Design of Everyday Things, Tech Journal

Reflection on The Design of Everyday Things

This reading packed a lot into it, and there were lots of things that stood out.

I found it really interesting how it overlapped with last week’s reading by fleshing out in lots of detail the ways in which computing has and continues to be shaped by a machine-first orientation. We’re trained to blame ourselves if we fail to use a tool correctly, rather than blaming the design. It’s so ingrained we don’t even give it much thought anymore, and the reading did a great job of bringing the concept back to the fore. He does a great job of advocating for a more human-centered orientation to design.

I’ve explored positive psychology as a thing to a great extent (I’ll bring a great book on it to class this next week!), but never thought about it in relation to design and technology. I’m a HUGE advocate of the sort of orientation shift the author talks about in transforming the concept failure into learning experiences. As designers and as humans, failure is part of the process and of life. It’s so easy to let failure break our morale and motivation to continue down a certain path, but by reconsidering the role failure plays in the larger picture, we can start to use it as fuel for the opposite.

I also really liked the example on page 43 of the drill and the hole. It’s a powerful metaphor to describe the complexity that needs to be navigated in the creation of successful design. People don’t need a drill, they need a hole. But what do they need the hole for? What do they need what they need the hole for? And so it goes back, with each iteration allowing the designer to better understand the problem and, from there, to design a better solution.

Tech Journal

The technologies I used over the week, and descriptions of the mind and body contexts involved in their use.

tech journal

Week 1 Reflections

On Class

I enjoyed class a lot. Though I think the material of the course will be very different from typical ITP fare in a lot ways, at its core it seems to reflect the values of ITP better than most.

As ITPers, we have the power to design the future in many ways, and that means we have the power to influence the future through our designs (a terrifying thought when you consider the responsibility that comes with that!). To me, ITP as a whole is about bringing interaction and engagement to the fore of design considerations, and Muscle appears to be a course with a parallel mission.

The sign circle was an interesting alternative to the typical introduction. It provided insight into each of us not only through what our own sign looked like, but how we performed each other’s signs as well. It helped me get comfortable with the class and my peers in it very quickly, which is a plus.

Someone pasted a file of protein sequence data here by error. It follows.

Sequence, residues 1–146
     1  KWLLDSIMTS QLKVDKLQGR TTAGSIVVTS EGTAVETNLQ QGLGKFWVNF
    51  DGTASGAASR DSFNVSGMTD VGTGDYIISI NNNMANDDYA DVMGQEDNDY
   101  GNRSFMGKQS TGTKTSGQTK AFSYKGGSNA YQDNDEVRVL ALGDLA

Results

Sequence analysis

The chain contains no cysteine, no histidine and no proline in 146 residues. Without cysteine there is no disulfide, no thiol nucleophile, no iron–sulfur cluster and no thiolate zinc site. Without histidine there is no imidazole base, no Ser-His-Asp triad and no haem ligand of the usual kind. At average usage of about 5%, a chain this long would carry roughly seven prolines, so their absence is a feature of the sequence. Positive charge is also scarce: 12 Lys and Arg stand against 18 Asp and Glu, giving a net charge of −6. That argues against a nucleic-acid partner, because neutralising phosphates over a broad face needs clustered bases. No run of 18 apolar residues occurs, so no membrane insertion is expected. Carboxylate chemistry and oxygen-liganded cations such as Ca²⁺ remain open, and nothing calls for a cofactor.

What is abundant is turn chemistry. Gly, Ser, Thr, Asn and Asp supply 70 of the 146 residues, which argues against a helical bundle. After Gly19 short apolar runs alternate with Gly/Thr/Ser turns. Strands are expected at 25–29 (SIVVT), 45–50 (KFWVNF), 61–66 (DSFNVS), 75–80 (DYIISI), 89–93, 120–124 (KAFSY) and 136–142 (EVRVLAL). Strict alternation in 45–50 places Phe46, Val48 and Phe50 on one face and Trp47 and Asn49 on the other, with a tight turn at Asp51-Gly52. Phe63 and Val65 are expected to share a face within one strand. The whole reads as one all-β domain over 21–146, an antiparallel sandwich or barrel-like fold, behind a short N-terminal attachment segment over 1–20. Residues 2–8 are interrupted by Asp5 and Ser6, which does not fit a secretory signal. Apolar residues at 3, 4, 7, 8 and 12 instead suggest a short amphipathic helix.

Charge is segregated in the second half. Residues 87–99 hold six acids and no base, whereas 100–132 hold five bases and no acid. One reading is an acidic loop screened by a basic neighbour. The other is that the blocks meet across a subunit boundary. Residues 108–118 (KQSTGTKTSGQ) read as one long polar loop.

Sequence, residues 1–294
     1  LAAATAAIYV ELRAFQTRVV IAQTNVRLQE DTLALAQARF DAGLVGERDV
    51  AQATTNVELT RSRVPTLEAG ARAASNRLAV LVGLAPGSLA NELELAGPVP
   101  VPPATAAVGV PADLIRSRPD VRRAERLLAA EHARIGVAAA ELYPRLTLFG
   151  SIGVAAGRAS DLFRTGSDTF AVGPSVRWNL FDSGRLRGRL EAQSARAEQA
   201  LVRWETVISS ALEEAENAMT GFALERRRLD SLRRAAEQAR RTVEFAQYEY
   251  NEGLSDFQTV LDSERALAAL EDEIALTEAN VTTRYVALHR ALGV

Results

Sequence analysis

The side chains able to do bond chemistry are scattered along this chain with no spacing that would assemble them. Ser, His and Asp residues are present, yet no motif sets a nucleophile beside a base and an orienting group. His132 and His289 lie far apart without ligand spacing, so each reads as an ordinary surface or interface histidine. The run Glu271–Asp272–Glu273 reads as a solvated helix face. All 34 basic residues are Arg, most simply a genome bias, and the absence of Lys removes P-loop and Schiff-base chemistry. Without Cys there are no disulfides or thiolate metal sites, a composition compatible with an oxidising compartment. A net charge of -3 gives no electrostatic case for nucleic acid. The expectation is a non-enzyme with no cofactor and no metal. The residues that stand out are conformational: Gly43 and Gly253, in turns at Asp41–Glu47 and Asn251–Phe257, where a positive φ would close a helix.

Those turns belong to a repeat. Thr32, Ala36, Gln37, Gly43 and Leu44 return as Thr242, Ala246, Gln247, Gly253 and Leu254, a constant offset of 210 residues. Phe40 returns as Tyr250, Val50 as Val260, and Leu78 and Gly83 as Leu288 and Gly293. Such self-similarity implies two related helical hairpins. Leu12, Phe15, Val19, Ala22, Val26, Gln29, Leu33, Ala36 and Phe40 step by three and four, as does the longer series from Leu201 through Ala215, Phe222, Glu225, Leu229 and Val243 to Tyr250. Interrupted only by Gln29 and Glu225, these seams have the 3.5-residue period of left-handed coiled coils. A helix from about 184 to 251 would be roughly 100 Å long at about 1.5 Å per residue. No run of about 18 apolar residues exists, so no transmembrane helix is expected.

The exercise in which we broke down our own movements as we prepared for the day was awesome, especially when I thought about how many sub-movements were involved in each larger one. Insane!

Finally, the 10 minute speed learn-a-movement-style exercise showed me just how complex a lot of systems of movement are. It was almost like learning a new language!

On the Reading

The way Dourish traces the history of the development of computation as it relates to human capability is really great. There were a lot of moments where points were made that weren’t necessarily the main argument, but which stuck out to me nonetheless.

One was the discussion of computer time vs. user time, and the durability of privileging computer time even as computers have become much faster. As Dourish mentions, this is indicative of a design process that is disconnected from the user. I found it interesting because computers are already fast; changing this would mostly just require a shift in the way we think about designing.

Another tiny piece of the reading that stuck out to me was how much computational innovation arrived to the greater public by way of the military. This is incredibly problematic, and is a small part of larger issues about what we prioritize as a country. I find it tragic that technological development and cutting edge research is so often being focused in the military realm, and constantly wonder what sorts of amazing things could come from so much time, talent, and money being devoted to other spaces.

Understanding the past and why certain decisions were made is crucial to making better ones moving forward. As much as past innovators were trying to improve how humans work with computers (and they did accomplish this in a lot of ways, I don’t mean to minimize their work), they limited themselves in how they saw what computers could and should be. I would hope we can do a better job in our future work.